Young is simply one of the best players on the PGA Tour in 2024, and I strongly believe has what it takes to win a PGA Tour event in the very near future.

Corey Conners +5500 (FanDuel)

Corey Conners has had a disappointing year thus far on the PGA Tour, but absolutely loves Harbour Town.

At last week’s Masters Tournament, the Canadian finished T30 but ranked 20th in the field in Strokes Gained: Approach. In his past 24 rounds, Conners ranks 3rd in the field in Strokes Gained: Approach, 3rd in Greens in Regulation % and 24th in Good Drive %.

In Conners’ last four trips to Harbour Town, his worst finish was T31, last season. He finished T4 in 2021, T12 in 2022 and ranks 8th in Strokes Gained: Total at the course over his past 36 rounds.

Conners hasn’t been contending, but his recent finishes have been encouraging as he has finished in the top-25 in each of his past three starts prior to The Masters, including an impressive T13 at The PLAYERS. His recent improvement in ball striking as well as his suitability for Harbour Town makes Conners a high upside bet this week.

Shane Lowry (+7500) (FanDuel)

When these odds were posted after Lowry was announced in the field, I have to admit I was pretty stunned. Despite not offering much win equity on the PGA Tour over the last handful of years, Shane Lowry is still a top caliber player who has the ability to rise to the top of a signature event.

Lowry struggled to score at The Masters last week, but he actually hit the ball really well. The Irishman ranked 1st for Strokes Gained: Approach on the week and 7th in Strokes Gained: Ball Striking. As usual, it was the putter that let him down, as he ranked 60th in the field in Strokes Gained: Putting.

Harbour Town is most definitely one of Lowry’s favorite courses on the PGA Tour. In his six starts there, he’s finished in the top 10 three times, including third twice. Lowry is sensational at Pete Dye designs and ranks 7th in Strokes Gained: Total in his past 36 rounds on Dye tracks.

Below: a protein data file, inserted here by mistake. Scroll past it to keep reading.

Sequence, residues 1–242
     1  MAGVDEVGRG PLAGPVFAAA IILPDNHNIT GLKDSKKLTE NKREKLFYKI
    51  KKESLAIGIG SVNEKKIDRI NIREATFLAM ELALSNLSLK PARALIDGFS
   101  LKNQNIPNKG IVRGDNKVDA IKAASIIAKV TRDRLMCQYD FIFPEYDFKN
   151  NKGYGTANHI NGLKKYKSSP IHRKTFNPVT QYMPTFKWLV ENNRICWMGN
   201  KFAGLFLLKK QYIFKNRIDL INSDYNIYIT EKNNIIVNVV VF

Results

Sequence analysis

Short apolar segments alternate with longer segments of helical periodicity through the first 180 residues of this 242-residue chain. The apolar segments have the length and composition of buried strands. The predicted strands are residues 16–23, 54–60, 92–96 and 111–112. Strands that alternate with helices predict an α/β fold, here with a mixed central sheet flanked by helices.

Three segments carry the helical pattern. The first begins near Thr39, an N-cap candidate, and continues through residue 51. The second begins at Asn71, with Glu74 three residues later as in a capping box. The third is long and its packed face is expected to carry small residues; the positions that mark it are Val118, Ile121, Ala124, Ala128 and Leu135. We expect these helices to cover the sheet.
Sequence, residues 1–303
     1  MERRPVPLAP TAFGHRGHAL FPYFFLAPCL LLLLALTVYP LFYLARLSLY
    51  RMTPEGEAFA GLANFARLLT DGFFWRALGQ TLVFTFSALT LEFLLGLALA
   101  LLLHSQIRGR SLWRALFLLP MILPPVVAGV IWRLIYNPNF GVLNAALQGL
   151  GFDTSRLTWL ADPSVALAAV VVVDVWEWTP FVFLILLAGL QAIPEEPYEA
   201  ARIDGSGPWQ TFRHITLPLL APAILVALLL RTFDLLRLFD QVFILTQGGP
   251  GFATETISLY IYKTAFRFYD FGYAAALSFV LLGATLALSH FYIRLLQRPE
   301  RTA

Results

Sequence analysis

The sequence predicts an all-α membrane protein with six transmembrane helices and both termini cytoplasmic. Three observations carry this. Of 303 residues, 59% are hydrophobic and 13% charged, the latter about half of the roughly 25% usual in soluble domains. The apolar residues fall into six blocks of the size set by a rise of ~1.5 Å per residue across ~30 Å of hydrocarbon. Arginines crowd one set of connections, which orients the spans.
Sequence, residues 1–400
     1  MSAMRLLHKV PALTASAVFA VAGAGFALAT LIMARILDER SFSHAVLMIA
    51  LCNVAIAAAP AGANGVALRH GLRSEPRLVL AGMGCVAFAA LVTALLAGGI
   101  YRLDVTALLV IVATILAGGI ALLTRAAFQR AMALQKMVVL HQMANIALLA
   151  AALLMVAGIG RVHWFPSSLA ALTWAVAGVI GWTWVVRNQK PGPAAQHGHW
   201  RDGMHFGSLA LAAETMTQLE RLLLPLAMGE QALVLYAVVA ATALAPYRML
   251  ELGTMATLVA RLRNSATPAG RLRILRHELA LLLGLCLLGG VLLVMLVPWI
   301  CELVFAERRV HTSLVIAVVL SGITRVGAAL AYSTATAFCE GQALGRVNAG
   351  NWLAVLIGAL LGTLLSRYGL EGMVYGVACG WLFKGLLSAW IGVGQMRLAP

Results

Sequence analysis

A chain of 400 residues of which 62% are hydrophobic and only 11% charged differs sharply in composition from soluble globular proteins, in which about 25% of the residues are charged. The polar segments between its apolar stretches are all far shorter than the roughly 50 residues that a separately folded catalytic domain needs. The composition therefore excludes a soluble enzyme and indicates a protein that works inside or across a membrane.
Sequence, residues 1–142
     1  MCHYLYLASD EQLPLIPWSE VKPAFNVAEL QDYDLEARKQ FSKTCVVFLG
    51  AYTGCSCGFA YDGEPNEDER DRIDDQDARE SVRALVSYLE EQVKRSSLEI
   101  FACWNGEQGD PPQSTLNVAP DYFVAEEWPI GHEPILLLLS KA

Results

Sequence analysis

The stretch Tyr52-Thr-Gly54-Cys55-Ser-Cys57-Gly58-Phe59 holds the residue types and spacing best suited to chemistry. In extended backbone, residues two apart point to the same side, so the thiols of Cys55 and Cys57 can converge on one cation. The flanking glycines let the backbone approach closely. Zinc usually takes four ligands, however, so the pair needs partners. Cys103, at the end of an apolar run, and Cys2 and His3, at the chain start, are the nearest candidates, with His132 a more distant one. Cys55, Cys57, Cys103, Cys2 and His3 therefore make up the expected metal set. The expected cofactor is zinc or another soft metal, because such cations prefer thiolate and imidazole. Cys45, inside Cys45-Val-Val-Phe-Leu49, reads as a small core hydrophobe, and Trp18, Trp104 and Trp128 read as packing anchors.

Lowry is perfect for Harbour Town. In his past 24 rounds, he ranks 5th in Strokes Gained: Approach, 2nd in Good Drive% and 5th in Green in Regulation %. If he figures it out on the greens, Shane could have his first win in America since 2015.

Lucas Glover +12000 (FanDuel)

This is one of my weekly “bet the number” plays as I strongly believe the odds are just too long for a player of Glover’s caliber. The odds have been too long on Glover for a few weeks now, but this is the first event that I can get behind the veteran being able to actually contend at. 

Glover is quietly playing good golf and returning to the form he had after the understandable regression after his two massive victories at the end of 2023. He finished T20 at The Masters, which was his best ever finish at Augusta National. For the week, Lucas ranked 18th for Strokes Gained: Approach and 20th in Strokes Gained: Ball Striking.

Over his past 24 rounds, Glover ranks 9th in Strokes Gained: Approach and 13th in Good Drive %. Harbour Town is a short course that the 44-year-old will be able to keep up with the top players on Tour off the tee. He’s played the course more than 20 times, with mixed results. His best finishes at Harbour Town include a T7 in 2008, but recently has a finish of T21 in 2020.

Glover has proven he can contend with the stars of the Tour on any given week, and this number is flat out disrespectful.